Hard Times

March 27-31

Hard Times

Liverpool PLayhouse

On tour until May 26



Oh dear, turns out this does what it says on the can. As it happens, a long time ago, my son, a huge Dickens fan, suggested the book would serve as an excellent introduction to the Great Man although not at all sure I did read it. But what do I know about Dickens? Precious little probably, and to generalise: cariactures rather than characters; bizarre nomenclature; inclination to sentimentality; sorrowful demises.

Northern Broadsides, perhaps not surprisingly, have chosen to frame this adaptation using circus scenes, and thank goodness for that, because their trademark use of music at least helped to liven things up. The remaining scenes take place largely in the Gradgrind and the Bounderby households – and there’s an apposite choice of name; not giving too much of the game away to note a link to ‘bounder’. Going one step further, they are abundant, what with flaky Tom Gradgrind, the chancer, Mr Harthouse and creepy Bitzer, the odious Mrs Sparsit being the female version.

Scenery and props are pretty minimal, likewise, special effects, but the costumes, from the prosperous to the poverty stricken, are well done, and particularly attractive for the showgirls.What is distinctly unattractive is the exploitation of the remarkable Louise Gradgrind (lovely performance from Vanessa Schfield), oppressed by father, then by husband. The audience actually hisses Bounderby’s initial approaches when she is, as Mrs S describes her ‘a chit’. And, finally, having always gone well out of her way to help him, disgracefully ungrateful brother, convincingly played by Perry Moore. Other undesirables include Howard Chadwick as the bombastic Bounderby, and Andrew Prince, who does however pull off a conflicted Gradgrind exceedingly well, and probably in contrast to the blustering chap Rutter may well have been in a seemingly tailor made role – ah no, wait a minute; spoilt for choice, perhaps he’d have gone for Bounderby in the end? Back to Mr Prince, who manages to gain our sympathy when realizing the error of his ways, as well as in virtually adopting Sissy, a spirited performance from Suzanne Ahmet; in effect, we get two heroines for the price of one.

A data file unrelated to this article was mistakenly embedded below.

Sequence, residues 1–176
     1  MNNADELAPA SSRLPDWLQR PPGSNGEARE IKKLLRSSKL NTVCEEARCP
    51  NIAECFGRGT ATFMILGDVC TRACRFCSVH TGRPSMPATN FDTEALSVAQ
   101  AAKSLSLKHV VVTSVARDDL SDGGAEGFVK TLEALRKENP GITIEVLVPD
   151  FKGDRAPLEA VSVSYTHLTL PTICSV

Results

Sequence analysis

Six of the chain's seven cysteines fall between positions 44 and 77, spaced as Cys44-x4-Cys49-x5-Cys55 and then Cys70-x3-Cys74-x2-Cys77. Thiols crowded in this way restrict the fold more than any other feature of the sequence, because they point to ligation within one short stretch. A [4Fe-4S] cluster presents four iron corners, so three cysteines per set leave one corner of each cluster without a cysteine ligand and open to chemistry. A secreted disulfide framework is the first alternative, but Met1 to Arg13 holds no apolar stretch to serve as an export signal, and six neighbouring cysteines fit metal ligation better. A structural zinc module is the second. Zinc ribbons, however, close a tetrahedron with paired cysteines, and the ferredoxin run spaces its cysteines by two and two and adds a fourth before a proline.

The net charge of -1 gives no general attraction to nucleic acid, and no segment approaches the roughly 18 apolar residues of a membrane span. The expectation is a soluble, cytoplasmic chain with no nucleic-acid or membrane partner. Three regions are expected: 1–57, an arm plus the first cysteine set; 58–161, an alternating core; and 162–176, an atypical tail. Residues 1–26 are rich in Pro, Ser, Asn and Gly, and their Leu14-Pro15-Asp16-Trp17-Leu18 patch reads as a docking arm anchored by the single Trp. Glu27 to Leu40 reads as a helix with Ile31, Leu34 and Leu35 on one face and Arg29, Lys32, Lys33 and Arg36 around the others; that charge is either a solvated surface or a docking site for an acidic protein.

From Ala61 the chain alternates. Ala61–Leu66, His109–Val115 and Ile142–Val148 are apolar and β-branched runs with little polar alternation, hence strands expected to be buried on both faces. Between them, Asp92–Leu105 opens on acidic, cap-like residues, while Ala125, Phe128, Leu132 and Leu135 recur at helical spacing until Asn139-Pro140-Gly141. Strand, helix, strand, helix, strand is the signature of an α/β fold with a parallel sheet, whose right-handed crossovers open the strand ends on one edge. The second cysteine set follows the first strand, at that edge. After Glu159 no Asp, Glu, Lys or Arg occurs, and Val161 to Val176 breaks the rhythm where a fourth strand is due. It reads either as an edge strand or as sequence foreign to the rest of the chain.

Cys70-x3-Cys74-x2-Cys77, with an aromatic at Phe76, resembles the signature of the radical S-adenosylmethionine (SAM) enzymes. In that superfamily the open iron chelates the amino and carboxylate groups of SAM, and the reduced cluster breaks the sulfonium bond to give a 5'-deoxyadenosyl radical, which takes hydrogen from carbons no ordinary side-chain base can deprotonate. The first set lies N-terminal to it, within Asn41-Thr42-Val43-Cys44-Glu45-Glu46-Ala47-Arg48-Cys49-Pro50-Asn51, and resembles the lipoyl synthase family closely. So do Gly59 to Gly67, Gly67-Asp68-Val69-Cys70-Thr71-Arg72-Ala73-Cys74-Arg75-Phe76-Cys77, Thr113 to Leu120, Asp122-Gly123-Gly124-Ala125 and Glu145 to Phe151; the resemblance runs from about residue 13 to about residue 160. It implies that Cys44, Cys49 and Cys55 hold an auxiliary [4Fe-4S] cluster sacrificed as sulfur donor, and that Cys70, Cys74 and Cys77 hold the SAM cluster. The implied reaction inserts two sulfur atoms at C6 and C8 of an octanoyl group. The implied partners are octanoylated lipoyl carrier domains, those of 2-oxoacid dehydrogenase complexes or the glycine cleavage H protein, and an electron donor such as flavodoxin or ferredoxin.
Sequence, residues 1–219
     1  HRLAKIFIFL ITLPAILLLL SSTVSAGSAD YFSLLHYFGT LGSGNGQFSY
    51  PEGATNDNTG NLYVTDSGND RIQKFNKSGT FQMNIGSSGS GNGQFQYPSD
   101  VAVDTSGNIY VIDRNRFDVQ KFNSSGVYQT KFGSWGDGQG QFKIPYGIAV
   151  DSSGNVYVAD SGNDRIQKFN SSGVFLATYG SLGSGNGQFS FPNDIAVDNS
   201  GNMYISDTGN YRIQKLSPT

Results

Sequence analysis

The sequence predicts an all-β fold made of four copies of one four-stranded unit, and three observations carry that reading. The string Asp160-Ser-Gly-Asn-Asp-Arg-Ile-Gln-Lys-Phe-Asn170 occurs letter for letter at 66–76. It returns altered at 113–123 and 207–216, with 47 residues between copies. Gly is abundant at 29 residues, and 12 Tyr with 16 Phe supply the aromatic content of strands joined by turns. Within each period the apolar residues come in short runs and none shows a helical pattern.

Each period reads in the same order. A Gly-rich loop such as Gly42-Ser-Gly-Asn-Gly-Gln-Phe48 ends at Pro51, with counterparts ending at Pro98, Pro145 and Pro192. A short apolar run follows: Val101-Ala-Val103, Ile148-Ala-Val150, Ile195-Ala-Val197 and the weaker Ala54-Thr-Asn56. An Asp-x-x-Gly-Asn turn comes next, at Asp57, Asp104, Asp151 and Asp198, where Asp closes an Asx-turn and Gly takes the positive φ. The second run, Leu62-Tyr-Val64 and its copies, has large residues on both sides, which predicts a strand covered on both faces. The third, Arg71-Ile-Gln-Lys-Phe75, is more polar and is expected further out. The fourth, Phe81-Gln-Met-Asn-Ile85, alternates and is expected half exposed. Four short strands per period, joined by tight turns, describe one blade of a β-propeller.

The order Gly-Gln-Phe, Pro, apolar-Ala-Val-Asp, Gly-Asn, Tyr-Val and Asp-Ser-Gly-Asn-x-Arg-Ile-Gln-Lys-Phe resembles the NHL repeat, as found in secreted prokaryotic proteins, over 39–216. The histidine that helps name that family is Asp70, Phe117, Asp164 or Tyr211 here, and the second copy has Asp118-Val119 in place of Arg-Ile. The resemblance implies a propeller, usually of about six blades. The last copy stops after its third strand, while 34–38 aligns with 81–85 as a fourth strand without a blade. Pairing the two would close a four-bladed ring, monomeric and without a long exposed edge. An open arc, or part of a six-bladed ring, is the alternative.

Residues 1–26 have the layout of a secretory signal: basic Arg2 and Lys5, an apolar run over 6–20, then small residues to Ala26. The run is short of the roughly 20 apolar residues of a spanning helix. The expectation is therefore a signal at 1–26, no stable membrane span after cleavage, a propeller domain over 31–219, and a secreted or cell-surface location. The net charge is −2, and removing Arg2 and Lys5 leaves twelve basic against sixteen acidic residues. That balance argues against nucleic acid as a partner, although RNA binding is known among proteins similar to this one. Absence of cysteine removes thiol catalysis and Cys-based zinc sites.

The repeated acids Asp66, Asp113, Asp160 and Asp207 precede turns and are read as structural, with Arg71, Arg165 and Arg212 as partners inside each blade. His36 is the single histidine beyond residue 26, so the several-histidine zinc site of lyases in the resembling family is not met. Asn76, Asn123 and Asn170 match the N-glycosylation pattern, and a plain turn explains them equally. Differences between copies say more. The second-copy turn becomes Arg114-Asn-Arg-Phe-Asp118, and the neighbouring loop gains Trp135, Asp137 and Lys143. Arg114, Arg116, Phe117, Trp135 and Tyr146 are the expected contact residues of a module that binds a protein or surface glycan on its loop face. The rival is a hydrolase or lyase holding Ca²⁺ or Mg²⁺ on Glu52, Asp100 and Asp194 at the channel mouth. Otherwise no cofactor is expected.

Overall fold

The first half didn’t half seem to go on a bit, to the extent that the subplot was somewhat hard to follow and thus not particularly gripping, with Steven Blackpool, although admirably played by Anthony Hunt, and Rachael (Victoria Brazier), in a doomed relationship. But a strking transformation into Mrs Sparsit, whom it was cheering to see get her comeuppance; an obsequious sneak, yet convinced she was so superior to all those around her. Meanwhile, Darren Kuppan dishes out a double blinder; two different kinds of repulsion as the despicable on the make Mr Harthouse and weirdo Bitzer.

Although everything picked up a touch later on, just enough to earn 3*, tha’ts mainly on the strength of Northern Broadsides: good company, shame about the play, basically. But fair enough, they must be nearly as popular as Dickens himself, and even if I found this a bit of a tedious evening, vibrant enough to go down well with the audience.


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